Now is the time to plan your spring display by planting spring bulbs in and around your garden.Here are some ideas to follow to get the best results in the spring.
When to plant
If you want to fill your garden with colour next spring, plant bulbs from September to December, before the first frost. Daffodils, tulips, crocus, grape hyacinths and fritillarias are just some of the plants to choose from.
How to buy bulbs
Most bulbs have a long dormant period, requiring little attention for much of the year. When buying bulbs check they’re healthy and as fresh as possible, or your spring show could be a washout.Avoid any that are damaged, shrivelled or feel soft, and go for plump, firm bulbs. Aim to plant within a week or they’ll start to sprout. When possible, check that the plants have been obtained from reliable growers, rather than from stock that has been collected from the wild.
Where to plant
Choose bulbs according to location and soil type. Most hardy bulbs originate from the Mediterranean, thriving in a warm, sunny climate in freely draining soil. Good drainage and plenty of sunshine is key, since most bulbs are prone to rot while dormant.
Planting bulbs in a herbaceous border will help to fill in gaps and provide colour and interest before perennials and shrubs begin to grow in early spring. Plant daffodils, winter aconites, tulips and fritillarias for outstanding colour. Drifts of single species can be planted to blend in with the general planting scheme of the garden, or try mixing different varieties to create an even and striking effect of bright colour.
When planted en masse, spring-flowering bulbs make a valuable contribution to formal bedding displays. Try growing groups of early-flowering tulips in a bed which will be occupied by annuals later in the summer. As a general rule, the larger, showy varieties are better suited to a formal position in the garden.
Many spring-flowering bulbs are ideal for brightening up the base of trees before they come into full leaf. The soil beneath trees is moist and light, offering the perfect growing conditions for scillas, anemones, erythroniums and crocuses.
Bulbs such as dwarf daffodils, crocuses, snowdrops and winter aconites can transform a dull looking lawn into a wonderful display of colour. To achieve a natural look, throw bulbs up in the air and plant them exactly where they land in the grass. The aim is to make it look as though they have decided to grow there by themselves. Allow plants to die down after flowering before mowing over the lawn. Alternatively, plant bulbs in defined areas so that it’s possible to mow the lawn around them.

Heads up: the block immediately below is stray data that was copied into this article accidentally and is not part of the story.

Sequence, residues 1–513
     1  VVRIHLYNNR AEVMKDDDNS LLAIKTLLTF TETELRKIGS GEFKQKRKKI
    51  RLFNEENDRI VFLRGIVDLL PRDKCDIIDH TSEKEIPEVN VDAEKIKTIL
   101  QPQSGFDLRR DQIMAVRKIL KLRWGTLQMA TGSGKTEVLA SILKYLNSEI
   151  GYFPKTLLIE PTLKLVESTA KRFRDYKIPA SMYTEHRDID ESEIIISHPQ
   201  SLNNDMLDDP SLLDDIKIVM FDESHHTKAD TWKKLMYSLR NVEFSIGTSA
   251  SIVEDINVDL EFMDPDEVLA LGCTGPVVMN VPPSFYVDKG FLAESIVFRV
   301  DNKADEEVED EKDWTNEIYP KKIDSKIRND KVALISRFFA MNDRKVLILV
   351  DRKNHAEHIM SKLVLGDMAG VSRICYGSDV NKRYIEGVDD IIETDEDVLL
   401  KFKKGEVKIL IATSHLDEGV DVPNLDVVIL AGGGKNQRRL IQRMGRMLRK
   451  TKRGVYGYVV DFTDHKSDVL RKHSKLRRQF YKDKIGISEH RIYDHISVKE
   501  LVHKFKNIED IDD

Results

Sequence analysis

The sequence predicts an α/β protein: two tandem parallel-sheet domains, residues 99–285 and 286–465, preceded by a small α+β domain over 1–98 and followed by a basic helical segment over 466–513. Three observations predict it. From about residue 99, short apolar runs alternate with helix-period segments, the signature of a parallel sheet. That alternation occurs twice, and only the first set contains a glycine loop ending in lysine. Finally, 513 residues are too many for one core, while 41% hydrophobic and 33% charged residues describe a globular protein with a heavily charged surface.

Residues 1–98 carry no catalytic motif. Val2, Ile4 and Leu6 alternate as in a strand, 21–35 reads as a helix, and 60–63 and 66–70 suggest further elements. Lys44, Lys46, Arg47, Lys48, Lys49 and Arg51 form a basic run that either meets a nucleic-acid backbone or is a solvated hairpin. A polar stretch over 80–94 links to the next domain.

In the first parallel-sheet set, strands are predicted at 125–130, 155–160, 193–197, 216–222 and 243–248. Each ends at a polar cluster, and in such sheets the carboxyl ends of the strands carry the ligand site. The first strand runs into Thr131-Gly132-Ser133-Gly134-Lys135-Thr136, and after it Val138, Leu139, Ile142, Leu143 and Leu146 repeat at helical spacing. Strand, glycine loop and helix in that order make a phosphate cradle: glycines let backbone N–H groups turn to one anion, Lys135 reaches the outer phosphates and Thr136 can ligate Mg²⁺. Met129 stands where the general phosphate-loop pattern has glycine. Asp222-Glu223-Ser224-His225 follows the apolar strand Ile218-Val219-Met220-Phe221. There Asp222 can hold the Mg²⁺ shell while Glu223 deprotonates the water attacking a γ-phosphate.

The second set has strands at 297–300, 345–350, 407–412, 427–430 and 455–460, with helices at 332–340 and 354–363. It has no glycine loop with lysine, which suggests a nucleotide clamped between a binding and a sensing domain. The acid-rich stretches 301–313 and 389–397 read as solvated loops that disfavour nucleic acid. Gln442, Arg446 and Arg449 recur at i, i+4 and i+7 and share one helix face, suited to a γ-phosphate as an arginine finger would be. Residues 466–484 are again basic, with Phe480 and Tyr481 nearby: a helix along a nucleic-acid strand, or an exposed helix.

Bulbs in pots
If you want a great patio display, try growing bulbs in pots. Keep it simple by planting a variety on its own or several of the same variety packed closely together for a bumper show. Several types can be planted together, but it’s tricky to get the flowers to appear at the same time
How to plant
Bulbs are some of the easiest garden plants to grow, needing only a well-drained soil and some sunshine. As a general rule, plant bulbs two to three times their own depth and around two bulb widths apart.
It’s important to plant bulbs with its top facing upwards. If unsure, plant the bulb on its side.Replace the soil after planting, breaking down any large clumps and firm in gently, making sure there are no air spaces around the bulbs.
Bulbs in lawns
Naturalise bulbs in lawns by taking a handful and dropping from waist height.Plant where they land with a strong trowel or bulb planter – these are ideal for digging into heavy clay soil. To use, push the cylindrical blade down, twist and pull up a plug of soil.Drop the bulb in, flattest side down, and crumble the plug into the hole.In order to save time, try planting a large number of small bulbs by lifting a piece of turf and planting a group of bulbs in the soil.
Bulbs in pots
When growing bulbs in a pot, pick a container that is the right size and will complement your chosen bulbs.If you are using a clay pot with a large drainage hole in the base, cover it with a piece of broken pot.Fill pots with general-purpose compost, mixed with a handful of horticultural grit to improve drainage then water after planting.
Bulbs in pots need more care than those in soil.Keep the compost moist and protect from frost by wrapping with bubble wrap over winter. Cover with a piece of chicken wire to prevent squirrels, mice and voles from digging them out. Remove it when shoots appear.
Five easy bulbs to try
Narcissus ‘Tête-à-Tête’ – a compact variety with golden trumpets in early spring. Plant with snowdrops in the lawn.
Tulipa ‘Queen of Night’ – striking purple flowers and is perfect in a big pot with mauve wallflowers.
Fritillaria meleagris – wonderful, purple, bell-shaped flowers look perfect naturalised in grass
Crocus vernus ‘Pickwick’ – this variety has delicate white flowers, veined with deep purple. Crocuses come in many shades, from white to purple, and flower from early spring. Naturalise or plant them in small pots.
In future posts I will detail what I’ve planted and where, then hopefully in the spring we can see the lovely spread of colour.